I couldn’t have been anorexic, because I actually was "fat." I was 248 pounds, as I recall. I also obviously wasn’t bulimic, because I never intentionally made myself throw up. I was, however, massive. At only five feet and five inches of height, I was lumbering. I hated my body. I struggled with it. I fought against it, because I had no desire for it. I also didn’t eat more than 400 calories a day. I exercised for no less than three hours per day, and I was never happy with myself. Even after losing 70-80 pounds the summer before my junior year, I still wasn’t good enough.

ED-NOS was the monster that lurked in the closet of the dark room in my mind. It was by far my most beloved obsession. Often, ED-NOS was the one thing in a wide-open room that I would stumble over. I was Franz Kafka’s "Hunger Artist," making a grand spectacle of myself because of what I knew I could not be. The things average people valued could never fulfill me. ED-NOS provided me with a purpose—it made me feel accomplished. This made ED-NOS the hardest facet of self-destruction to give up.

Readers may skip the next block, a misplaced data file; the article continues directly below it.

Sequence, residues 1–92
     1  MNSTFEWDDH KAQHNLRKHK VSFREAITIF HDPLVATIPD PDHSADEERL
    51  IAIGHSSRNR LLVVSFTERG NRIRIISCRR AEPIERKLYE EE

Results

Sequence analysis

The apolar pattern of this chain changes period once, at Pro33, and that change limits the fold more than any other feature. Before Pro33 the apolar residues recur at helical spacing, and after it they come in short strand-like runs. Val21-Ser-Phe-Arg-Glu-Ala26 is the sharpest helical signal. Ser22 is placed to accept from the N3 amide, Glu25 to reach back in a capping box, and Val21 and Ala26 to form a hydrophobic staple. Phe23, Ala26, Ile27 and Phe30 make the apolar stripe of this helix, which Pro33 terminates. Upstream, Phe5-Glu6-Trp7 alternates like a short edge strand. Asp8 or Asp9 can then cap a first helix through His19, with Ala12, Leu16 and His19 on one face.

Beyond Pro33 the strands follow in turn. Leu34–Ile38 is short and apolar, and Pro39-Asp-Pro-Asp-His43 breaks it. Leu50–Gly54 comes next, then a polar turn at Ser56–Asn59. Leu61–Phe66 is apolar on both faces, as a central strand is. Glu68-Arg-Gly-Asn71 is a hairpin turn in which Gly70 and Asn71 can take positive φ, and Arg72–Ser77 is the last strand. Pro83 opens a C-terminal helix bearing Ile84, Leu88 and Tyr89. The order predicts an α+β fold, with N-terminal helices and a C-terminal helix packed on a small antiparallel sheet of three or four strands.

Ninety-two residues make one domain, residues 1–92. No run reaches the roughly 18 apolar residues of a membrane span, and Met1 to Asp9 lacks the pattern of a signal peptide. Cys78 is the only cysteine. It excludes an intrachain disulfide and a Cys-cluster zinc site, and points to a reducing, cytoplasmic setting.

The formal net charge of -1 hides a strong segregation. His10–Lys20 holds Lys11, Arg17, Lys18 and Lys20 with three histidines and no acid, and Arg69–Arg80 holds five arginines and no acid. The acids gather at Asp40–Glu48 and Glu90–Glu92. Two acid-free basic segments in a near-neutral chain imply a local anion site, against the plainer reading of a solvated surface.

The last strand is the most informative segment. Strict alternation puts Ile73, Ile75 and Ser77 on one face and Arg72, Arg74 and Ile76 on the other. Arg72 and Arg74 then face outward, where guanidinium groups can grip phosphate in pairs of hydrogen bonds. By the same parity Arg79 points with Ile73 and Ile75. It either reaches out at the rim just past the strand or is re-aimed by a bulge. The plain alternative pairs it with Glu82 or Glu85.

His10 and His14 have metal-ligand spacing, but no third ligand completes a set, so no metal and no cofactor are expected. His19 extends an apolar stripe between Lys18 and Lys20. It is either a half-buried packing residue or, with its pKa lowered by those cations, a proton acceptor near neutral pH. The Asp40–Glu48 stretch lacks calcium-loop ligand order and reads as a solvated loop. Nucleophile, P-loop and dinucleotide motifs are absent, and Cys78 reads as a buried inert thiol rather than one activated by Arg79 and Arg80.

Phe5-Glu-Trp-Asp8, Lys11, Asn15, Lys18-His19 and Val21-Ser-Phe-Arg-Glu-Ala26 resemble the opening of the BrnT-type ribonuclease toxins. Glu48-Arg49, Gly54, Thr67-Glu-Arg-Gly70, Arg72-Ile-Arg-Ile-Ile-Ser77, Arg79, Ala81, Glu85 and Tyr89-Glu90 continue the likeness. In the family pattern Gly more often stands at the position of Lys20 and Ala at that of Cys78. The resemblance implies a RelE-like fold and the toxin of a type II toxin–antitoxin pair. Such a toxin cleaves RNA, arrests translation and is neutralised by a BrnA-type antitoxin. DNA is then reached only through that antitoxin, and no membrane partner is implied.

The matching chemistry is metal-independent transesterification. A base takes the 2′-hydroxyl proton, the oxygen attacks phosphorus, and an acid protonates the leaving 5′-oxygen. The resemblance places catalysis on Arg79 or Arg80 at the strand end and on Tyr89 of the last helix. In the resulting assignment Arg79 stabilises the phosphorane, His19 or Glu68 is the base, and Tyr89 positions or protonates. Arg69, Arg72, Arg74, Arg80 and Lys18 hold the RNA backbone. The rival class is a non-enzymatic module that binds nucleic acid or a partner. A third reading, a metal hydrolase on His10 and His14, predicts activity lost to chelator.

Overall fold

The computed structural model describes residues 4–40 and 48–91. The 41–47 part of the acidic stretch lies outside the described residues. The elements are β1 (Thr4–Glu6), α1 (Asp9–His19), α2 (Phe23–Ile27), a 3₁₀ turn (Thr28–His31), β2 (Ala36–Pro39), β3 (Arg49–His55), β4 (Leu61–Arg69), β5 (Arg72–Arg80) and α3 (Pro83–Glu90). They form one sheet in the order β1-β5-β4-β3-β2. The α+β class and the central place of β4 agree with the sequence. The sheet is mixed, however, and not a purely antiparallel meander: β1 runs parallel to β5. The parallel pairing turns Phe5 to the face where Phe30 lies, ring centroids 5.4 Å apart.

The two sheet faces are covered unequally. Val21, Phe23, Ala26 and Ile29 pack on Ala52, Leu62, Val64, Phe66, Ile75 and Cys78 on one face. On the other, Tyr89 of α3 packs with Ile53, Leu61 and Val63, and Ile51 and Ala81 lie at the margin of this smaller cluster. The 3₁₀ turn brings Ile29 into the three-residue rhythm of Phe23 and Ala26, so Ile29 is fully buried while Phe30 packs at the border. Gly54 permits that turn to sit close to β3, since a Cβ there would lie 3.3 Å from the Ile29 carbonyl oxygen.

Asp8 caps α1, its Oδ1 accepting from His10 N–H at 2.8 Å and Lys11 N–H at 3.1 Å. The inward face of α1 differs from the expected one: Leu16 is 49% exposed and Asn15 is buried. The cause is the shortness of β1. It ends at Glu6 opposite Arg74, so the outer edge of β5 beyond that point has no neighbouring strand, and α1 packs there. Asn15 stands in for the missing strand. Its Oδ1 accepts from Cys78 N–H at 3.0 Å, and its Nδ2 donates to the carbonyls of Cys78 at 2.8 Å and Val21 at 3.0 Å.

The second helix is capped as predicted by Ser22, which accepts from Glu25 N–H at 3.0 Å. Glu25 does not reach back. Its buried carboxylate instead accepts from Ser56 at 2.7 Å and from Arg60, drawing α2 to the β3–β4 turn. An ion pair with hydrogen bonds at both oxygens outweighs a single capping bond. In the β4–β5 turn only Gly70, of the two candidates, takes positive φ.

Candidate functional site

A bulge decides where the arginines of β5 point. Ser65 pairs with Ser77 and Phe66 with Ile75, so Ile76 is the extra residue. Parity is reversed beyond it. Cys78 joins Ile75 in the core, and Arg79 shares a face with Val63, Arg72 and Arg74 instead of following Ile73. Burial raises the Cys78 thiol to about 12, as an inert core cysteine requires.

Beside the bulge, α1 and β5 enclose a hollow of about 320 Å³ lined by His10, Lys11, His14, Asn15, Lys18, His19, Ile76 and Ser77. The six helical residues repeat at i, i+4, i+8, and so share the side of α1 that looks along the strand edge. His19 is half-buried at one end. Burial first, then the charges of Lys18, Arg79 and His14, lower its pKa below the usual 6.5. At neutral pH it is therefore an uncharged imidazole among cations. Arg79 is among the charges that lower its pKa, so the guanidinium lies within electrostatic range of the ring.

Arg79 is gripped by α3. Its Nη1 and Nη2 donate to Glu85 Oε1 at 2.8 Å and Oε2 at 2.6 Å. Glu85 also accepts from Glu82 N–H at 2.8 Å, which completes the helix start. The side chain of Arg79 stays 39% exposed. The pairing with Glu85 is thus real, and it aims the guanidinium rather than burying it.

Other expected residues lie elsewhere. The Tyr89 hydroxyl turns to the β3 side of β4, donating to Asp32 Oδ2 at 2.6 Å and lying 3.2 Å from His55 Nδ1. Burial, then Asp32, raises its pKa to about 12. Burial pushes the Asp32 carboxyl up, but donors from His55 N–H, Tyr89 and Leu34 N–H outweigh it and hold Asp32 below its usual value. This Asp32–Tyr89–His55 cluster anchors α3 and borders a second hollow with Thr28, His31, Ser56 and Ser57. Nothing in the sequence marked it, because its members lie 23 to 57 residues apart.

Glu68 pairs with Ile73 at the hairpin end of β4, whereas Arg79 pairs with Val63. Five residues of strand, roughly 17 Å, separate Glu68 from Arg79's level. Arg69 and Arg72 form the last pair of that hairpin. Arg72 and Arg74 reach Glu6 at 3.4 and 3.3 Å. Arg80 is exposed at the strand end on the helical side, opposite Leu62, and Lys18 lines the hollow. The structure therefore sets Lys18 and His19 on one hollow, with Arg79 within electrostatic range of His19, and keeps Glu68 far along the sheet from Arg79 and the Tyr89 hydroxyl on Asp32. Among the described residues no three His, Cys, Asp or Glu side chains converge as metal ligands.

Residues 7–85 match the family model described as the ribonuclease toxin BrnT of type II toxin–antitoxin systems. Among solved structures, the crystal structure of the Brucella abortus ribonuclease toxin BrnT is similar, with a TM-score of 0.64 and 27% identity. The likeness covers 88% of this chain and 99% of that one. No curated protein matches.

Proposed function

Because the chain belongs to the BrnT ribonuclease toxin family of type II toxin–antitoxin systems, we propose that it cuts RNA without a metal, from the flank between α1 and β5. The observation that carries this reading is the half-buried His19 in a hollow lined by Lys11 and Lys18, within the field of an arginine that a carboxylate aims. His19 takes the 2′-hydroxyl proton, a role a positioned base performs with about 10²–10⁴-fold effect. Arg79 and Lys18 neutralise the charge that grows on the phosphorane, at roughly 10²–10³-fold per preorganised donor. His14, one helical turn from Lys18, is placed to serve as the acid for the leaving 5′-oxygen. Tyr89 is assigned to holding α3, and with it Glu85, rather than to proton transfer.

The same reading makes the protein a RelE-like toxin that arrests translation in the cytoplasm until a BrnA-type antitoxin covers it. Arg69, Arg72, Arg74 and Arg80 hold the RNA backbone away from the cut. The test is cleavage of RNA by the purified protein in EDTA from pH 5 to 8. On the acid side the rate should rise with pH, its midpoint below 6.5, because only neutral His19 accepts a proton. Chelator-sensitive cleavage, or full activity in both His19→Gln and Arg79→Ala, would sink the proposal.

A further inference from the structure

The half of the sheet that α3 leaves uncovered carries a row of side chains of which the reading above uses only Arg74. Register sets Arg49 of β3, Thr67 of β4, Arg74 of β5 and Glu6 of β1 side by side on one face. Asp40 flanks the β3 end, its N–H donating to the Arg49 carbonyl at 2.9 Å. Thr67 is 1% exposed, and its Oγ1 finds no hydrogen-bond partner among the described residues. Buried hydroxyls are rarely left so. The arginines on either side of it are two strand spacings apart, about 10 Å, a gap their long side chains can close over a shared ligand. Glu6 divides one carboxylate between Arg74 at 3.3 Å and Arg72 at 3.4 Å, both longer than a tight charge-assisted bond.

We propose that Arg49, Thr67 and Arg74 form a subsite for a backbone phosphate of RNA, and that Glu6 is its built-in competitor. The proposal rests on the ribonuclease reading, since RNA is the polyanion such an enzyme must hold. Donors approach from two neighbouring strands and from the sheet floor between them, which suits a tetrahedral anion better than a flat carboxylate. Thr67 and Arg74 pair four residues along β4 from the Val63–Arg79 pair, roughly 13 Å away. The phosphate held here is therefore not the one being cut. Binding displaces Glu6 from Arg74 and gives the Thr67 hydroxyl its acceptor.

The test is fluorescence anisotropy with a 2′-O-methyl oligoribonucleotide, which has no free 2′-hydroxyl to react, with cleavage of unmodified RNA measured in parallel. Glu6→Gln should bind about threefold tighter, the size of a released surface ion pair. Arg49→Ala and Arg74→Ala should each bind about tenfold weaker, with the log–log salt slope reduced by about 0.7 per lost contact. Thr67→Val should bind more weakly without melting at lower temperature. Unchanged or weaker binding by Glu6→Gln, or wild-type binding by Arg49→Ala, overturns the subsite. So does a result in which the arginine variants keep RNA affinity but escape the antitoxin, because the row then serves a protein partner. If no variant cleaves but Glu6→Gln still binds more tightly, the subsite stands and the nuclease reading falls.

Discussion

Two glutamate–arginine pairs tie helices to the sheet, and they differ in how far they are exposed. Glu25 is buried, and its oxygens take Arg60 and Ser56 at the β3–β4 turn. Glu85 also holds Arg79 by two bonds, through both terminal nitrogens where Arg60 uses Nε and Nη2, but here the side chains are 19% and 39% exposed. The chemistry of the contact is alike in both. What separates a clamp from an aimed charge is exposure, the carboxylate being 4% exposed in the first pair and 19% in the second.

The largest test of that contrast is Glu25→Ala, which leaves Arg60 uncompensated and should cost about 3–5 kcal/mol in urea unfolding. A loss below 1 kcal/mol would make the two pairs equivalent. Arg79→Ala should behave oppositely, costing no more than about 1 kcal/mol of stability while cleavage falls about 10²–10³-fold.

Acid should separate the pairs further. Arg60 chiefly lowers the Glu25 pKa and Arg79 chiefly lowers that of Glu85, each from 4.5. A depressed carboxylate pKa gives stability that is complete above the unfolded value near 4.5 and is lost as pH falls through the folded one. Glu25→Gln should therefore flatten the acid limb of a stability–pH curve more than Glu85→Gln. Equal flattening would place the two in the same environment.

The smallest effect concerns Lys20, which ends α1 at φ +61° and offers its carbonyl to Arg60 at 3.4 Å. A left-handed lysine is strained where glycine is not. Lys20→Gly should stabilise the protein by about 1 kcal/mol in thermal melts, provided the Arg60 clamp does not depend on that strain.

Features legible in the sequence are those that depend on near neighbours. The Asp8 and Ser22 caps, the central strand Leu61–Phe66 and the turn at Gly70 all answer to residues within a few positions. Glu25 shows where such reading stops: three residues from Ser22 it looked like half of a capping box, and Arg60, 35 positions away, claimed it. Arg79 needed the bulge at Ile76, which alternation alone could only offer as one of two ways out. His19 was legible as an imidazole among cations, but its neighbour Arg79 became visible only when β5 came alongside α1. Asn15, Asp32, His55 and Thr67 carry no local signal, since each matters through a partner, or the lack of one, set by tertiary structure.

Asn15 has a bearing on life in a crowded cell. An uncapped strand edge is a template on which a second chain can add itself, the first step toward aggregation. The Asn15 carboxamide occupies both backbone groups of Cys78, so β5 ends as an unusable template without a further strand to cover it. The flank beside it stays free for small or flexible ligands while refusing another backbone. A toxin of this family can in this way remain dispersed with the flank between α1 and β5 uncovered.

It is easy for me to ramble about cutting or ED-NOS, because those were the thorns in my side. They were not my real heart-issue, though. Self-destruction is the most common heart-issue. It creeps into everyone’s lives. It is often found in grand masquerades, or in something as subtle as a teardrop. Self-destruction is not habitual action; it is a lack of habitual accountability. After training your mind into self-destruct sequence, one must train it back to a normal way of coping-- just as one would have to train a dog to sleep in a doghouse or relieve itself outside.

It is common for people to ask me if I ever had any sort of counseling for my habits of self-destruction. "No, I’m not crazy" I tell them, not because one must be clinically insane to participate in therapy, but because I am not crazy. I am recovering. If hating your body, or wanting to be someone else makes you crazy, I don’t think there is one sane person in the world. But, self-destruction magnifies our criticisms of ourselves-- it draws them out of us, sometimes metaphorically, and sometimes in the form of short, deep, and quick cuts.